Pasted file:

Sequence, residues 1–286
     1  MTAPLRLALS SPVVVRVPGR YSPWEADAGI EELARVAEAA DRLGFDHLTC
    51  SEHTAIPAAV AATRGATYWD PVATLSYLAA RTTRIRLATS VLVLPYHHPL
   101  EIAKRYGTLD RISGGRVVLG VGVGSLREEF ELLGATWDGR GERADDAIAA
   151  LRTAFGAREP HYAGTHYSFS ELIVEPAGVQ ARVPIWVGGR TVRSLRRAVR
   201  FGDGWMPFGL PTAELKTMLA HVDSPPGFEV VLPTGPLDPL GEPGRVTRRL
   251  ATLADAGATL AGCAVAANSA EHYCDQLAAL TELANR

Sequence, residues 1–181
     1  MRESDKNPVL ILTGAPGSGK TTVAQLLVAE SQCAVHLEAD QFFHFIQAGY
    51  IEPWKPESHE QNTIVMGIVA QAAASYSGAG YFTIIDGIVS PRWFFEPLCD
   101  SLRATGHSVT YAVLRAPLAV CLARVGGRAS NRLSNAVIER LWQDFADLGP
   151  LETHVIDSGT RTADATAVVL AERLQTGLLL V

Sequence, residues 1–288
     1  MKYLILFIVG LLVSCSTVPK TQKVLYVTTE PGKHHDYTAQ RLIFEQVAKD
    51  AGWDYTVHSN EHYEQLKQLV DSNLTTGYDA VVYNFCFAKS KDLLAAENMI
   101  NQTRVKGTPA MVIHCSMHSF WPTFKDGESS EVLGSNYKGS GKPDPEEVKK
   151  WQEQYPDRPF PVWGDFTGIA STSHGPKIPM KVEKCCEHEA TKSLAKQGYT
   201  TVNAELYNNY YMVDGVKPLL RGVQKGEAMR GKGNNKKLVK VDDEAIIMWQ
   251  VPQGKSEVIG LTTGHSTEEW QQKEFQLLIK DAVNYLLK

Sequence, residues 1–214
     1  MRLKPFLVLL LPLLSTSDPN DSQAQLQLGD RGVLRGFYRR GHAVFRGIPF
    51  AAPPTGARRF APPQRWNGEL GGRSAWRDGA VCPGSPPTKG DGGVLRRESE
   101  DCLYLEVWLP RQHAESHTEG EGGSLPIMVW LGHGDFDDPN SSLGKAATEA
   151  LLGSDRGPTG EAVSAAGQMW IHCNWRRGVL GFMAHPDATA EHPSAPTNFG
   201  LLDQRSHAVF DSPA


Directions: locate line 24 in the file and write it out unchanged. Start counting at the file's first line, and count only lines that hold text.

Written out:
   151  LLGSDRGPTG EAVSAAGQMW IHCNWRRGVL GFMAHPDATA EHPSAPTNFG